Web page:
MEDIA: SPOTLIGHT ON; ITV’S FORMULA ONE DEAL: What does ITV expect to gain from covering Formula One?

ITV is promising Formula One coverage to rival the BBC’s, Alasdair Reid says

ITV is promising Formula One coverage to rival the BBC’s, Alasdair Reid

says



Sadly, there was no truth to the rumour that ITV intended to halt Grand

Prix races every two laps to fit the ads in. It’s a shame really, it

might have added a surreal chaos to the sport.



This week ITV unveiled its plans for Formula One race coverage and

explained how it would accommodate the commercials. A ‘network monitor’

will be used to slot them in at suitable moments and any lost action

will be replayed afterwards if it is deemed sufficiently gripping.



It’s the only real solution to finding slots for ads in a long,

uninterrupted event, and advertisers can have few quibbles. In fact, as

ITV sources have been cheerfully pointing out in recent weeks, Formula

One is exactly what advertisers have been calling for: live and

exclusive sports coverage with a young, upmarket, affluent, male, light

ITV-viewing audience.



However, some significant questions remain unanswered. As with many TV

sporting coups, it seems we are still left wondering exactly how ‘live

and exclusive’ ITV’s coverage will be.



ITV sources suggest that Eurosport, which has had European satellite

rights to Formula One for several years, will not be given live access

for the 1997 season. Nonsense, counter Eurosport insiders, who say the

contract is still up for grabs and that the channel has built uniquely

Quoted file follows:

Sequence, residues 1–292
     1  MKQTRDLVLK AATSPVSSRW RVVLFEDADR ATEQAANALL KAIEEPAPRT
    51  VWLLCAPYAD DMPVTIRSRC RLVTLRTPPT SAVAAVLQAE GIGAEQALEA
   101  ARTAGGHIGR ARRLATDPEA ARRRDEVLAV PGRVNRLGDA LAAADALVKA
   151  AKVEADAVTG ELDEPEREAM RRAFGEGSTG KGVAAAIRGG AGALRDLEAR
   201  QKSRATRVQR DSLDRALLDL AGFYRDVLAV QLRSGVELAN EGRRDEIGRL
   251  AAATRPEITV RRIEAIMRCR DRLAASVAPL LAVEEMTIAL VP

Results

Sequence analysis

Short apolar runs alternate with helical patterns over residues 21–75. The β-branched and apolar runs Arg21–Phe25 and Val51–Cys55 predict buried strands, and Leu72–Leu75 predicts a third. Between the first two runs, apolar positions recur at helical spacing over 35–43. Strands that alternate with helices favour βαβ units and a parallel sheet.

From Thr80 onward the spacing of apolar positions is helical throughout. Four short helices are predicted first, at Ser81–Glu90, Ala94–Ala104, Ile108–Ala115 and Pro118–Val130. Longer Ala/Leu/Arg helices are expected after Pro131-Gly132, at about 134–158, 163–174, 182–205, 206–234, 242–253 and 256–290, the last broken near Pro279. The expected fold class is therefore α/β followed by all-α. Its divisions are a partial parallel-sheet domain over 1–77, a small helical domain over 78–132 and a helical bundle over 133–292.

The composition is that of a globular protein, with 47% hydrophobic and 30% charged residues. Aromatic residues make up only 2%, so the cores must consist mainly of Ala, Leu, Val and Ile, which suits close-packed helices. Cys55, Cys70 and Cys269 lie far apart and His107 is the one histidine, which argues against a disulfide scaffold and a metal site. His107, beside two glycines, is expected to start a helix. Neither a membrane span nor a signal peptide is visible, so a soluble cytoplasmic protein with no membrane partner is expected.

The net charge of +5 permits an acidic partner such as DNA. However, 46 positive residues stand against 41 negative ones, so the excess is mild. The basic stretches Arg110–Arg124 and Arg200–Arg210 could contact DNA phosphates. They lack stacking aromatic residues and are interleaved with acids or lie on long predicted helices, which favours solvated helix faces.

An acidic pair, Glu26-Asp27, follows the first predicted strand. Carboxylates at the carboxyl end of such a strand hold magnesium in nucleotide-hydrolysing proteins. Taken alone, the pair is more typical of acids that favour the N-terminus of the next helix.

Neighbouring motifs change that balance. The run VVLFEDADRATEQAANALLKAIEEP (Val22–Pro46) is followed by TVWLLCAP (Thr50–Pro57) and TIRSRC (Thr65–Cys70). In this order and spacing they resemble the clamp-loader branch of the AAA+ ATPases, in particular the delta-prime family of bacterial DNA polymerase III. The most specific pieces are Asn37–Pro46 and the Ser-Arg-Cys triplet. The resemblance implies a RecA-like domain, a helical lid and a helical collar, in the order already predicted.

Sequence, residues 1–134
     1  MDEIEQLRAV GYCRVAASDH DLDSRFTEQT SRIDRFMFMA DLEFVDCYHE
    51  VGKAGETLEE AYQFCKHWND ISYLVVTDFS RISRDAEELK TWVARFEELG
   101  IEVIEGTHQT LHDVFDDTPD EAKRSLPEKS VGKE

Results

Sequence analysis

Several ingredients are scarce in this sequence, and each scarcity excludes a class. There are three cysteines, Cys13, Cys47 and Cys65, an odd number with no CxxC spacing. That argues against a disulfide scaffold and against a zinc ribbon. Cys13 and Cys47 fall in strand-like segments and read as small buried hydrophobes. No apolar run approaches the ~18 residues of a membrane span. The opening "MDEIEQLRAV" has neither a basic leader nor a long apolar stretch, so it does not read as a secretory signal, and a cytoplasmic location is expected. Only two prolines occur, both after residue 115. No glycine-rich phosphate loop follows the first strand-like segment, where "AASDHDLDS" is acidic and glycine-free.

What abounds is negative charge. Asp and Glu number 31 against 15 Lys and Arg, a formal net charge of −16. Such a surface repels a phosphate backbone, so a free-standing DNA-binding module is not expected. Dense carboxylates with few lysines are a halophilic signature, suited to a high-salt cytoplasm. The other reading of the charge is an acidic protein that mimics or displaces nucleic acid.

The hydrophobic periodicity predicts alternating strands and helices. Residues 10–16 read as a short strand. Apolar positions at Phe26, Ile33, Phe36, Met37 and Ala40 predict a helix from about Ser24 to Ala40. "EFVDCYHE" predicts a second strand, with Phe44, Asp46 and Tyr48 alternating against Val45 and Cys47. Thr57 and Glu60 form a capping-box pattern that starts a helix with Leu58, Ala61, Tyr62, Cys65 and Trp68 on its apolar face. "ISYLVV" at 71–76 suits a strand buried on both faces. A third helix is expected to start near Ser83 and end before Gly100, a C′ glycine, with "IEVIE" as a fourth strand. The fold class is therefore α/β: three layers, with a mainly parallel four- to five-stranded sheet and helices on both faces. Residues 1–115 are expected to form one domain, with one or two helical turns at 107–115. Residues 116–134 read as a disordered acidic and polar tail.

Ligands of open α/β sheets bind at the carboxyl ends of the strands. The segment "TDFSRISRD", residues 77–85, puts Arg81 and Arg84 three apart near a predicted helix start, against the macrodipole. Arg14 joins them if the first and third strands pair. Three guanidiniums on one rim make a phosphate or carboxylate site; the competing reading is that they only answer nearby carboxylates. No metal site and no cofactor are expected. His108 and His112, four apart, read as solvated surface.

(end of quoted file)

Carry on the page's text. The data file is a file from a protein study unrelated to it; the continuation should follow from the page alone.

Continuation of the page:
close relationships with the sport’s organising bodies and the racing

teams themselves.



The other question is slightly more worrying, at least with regard to

ITV’s ability to develop the sport in the long term - Rupert Murdoch is

waiting in the wings. He has been in talks about acquiring digital pay-

per-view rights in the UK for the 1997 season. DF1, the digital TV joint

venture that Murdoch has formed with the media baron, Leo Kirch, in

Germany, is already committed to offering pay-per-view Grand Prix

coverage this season. If it works, it won’t be long before Murdoch is

doing it in the UK as well.



But ITV is understandably excited about its new property. The network

has promised that its presentation will be vastly better than the BBC’s.

There will be previews, magazine programmes and high-quality analysis,

not just of the race day but the qualifying rounds too. The sales houses

will doubtless be trying to leverage a large premium on the airtime.



‘It promises to deliver a desirable audience, but, in many ways that all

depends on whether the British drivers do well,’ Russell Boyman, the

broadcast director of Mediastar, warns. ‘It was a bit of an anorak sport

before Nigel Mansell came along. ITV also has to tread a fine line

between not devaluing the heritage built up by the BBC and developing a

glossier, slicker approach that might bring a new audience to the

sport.’



Alan James, the broadcast director of the Network, comments: ‘It will be

interesting to see how ITV copes when it does miss an incident - it’s

bound to happen. It is clear, though, that Formula One will deliver a

six million-plus audience that will convert well against ABC1 men. I’m

not sure that it will be a new audience - it will mainly help to replace

the one that the network is losing because it will no longer have the

First Division football.



‘And ITV is also giving itself some scheduling headaches. Some races

from far flung parts of the world won’t start until early evening our

time. Taking the Sunday evening schedules to pieces won’t please

everyone.



‘As for a premium, everything is negotiable, isn’t it? One thing that I

do think is important is that ITV should try to act as one on this. It

would be detrimental to have the sales houses trying to out-manoeuvre

each other. They should encourage clients that support ITV as a whole.’



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